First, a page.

Whether you’re facing a divorce, parentage issues, guardianship, child support or other family law matter, both federal and provincial family laws may affect the outcome.
This can further complicate an already complex and stressful matter regarding you and your loved ones.
It helps to have a family lawyer who understands the relevant laws and with the experience to guide you through the legal processes towards the outcome you are looking for.
In some areas, the Divorce Act works alongside the Family Law Act, such as with child/spousal support and parenting arrangements.
You may not need to appear before a judge if you can reach a separation agreement beforehand with your partner.
However, if there are issues that cannot be resolved by collaboration between the lawyers that you appoint, or by a process of mediation or arbitration, you may end up at trial.
At divorce trials, a judge will decide on the key elements of separation, such as child custody, child/spousal support, and property division.
Before you can file for divorce in Canada, you must have been separated from your spouse for at least 12 months unless there are other factors involved, such as domestic violence.
Once the application is filed, most divorces in Alberta are settled within three to six months unless there is a trial.
Trial cases can last for many months or even years and become very expensive. They are also conducted in public. Most couples prefer to avoid this and reach an agreement by alternative dispute resolution methods, such as mediation or arbitration.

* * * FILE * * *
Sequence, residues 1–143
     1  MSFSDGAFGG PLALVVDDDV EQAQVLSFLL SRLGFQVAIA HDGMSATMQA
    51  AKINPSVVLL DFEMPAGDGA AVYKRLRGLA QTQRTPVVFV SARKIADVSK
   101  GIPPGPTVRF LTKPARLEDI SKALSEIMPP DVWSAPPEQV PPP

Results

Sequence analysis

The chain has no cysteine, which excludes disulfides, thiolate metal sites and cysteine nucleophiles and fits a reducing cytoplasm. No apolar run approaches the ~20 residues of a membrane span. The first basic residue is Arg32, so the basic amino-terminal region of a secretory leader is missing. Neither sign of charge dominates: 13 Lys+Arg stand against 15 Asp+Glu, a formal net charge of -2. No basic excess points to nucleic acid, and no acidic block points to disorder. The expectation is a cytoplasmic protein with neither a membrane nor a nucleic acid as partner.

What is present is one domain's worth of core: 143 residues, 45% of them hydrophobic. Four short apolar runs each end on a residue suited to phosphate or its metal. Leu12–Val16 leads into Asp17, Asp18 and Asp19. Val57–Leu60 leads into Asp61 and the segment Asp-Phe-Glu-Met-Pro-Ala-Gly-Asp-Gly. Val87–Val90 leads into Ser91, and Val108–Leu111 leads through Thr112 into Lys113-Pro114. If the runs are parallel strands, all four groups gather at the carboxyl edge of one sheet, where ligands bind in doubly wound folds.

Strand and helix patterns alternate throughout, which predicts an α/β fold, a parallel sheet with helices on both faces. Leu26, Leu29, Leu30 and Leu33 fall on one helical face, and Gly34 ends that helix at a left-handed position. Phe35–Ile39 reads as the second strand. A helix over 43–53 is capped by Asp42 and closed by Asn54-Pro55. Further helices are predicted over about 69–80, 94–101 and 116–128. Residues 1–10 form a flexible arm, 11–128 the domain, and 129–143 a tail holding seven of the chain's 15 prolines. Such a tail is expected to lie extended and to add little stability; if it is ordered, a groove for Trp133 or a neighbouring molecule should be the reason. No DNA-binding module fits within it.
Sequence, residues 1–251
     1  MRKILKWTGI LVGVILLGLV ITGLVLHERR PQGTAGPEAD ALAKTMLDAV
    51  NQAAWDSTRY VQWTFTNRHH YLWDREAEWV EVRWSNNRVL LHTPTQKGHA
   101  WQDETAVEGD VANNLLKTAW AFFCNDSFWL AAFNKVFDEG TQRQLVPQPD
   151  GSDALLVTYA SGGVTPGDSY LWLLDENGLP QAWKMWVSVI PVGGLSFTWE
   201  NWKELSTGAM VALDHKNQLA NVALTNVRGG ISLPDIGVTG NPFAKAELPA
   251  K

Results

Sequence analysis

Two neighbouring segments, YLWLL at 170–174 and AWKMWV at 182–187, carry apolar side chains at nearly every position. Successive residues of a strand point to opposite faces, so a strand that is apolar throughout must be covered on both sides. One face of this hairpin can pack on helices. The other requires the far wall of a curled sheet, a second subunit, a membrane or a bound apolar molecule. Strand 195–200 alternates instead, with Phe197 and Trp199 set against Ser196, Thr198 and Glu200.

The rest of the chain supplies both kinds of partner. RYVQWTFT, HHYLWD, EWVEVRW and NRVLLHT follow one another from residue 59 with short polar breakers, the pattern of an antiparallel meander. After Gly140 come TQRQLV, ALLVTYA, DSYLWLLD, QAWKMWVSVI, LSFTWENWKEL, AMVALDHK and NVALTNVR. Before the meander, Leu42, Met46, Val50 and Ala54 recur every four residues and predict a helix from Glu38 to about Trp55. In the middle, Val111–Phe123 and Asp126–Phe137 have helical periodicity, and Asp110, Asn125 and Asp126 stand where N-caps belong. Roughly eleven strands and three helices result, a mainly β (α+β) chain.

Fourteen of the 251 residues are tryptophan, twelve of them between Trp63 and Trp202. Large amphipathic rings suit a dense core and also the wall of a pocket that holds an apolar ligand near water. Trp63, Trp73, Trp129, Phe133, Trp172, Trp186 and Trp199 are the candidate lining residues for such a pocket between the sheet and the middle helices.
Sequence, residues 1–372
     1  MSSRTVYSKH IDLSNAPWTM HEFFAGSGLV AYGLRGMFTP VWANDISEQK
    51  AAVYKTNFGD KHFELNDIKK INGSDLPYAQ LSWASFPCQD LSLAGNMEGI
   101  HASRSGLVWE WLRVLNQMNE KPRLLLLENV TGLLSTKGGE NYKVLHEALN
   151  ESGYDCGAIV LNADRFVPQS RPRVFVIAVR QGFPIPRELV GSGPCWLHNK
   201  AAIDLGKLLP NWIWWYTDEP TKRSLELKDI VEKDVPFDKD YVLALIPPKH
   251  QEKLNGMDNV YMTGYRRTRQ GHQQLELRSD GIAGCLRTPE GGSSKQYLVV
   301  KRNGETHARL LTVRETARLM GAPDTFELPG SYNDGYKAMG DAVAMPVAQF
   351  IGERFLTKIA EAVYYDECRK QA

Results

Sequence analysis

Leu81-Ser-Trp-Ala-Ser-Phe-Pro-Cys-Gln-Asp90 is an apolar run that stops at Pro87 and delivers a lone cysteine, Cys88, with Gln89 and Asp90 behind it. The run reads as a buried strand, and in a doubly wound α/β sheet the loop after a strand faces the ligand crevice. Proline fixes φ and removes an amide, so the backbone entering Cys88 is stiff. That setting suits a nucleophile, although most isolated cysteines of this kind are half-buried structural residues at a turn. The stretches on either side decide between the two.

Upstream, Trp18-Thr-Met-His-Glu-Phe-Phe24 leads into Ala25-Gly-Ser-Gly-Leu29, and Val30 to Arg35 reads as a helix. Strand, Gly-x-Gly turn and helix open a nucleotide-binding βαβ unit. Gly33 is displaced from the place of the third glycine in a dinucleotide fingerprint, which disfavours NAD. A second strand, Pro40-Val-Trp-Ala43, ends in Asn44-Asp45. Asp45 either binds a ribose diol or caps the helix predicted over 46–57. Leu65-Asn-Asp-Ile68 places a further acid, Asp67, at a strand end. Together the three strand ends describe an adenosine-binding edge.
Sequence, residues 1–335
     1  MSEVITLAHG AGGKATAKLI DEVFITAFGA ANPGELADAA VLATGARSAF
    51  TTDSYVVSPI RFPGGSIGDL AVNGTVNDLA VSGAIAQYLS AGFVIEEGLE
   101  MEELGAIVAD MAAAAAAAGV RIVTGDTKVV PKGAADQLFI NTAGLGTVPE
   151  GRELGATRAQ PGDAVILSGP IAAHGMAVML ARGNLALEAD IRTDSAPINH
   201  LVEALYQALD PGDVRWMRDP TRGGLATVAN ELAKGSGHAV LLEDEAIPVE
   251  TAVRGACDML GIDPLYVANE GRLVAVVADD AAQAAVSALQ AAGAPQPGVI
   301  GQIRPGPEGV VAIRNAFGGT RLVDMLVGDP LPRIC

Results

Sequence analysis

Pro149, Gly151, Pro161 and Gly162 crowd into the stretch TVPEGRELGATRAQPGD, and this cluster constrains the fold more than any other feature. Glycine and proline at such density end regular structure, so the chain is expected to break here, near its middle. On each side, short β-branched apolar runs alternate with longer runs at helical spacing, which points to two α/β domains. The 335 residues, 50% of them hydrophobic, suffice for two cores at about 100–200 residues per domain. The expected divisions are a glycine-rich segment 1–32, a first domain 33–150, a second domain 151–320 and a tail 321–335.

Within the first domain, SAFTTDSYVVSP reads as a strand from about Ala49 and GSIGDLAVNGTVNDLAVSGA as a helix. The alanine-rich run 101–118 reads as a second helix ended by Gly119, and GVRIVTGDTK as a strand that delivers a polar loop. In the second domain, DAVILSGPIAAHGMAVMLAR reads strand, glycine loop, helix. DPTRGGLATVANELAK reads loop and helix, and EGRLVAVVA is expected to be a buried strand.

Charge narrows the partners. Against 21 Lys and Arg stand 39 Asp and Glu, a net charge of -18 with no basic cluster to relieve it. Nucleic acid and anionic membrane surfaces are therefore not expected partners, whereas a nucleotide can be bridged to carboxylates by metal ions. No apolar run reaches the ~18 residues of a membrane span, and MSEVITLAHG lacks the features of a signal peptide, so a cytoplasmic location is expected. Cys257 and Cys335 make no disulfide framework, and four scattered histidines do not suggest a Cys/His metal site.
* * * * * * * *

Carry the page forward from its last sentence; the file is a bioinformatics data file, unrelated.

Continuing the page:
The powers, responsibilities and entitlements of a child’s guardian are all specified in the Family Law Act.
However, disputes often arise about parenting time, visitation rights, respective responsibilities, cost-sharing, and other matters.
In this situation, one guardian may want to request the court for a parenting order to be granted under the Family Law Act.
This will be a legally enforceable court order that can compel each parent to comply with the terms. It usually also includes a provision for dealing with any future parenting disputes.
The judge will be expected to follow guidelines for determining “best interests” and to ensure that the child’s physical, psychological and emotional safety comes first.
Certain factors (such as the following) will generally be considered by the judge before he or she decides:
Once a court order details the child support amount and duration, the payor parent is legally obliged to make these payments to the recipient parent. This can be enforced by the courts.
Changes to child support orders can be made only through the courts and only if there is a substantial change in circumstances for either parent or the child.
Contact Jennings Family Law today to receive a private consultation and case evaluation.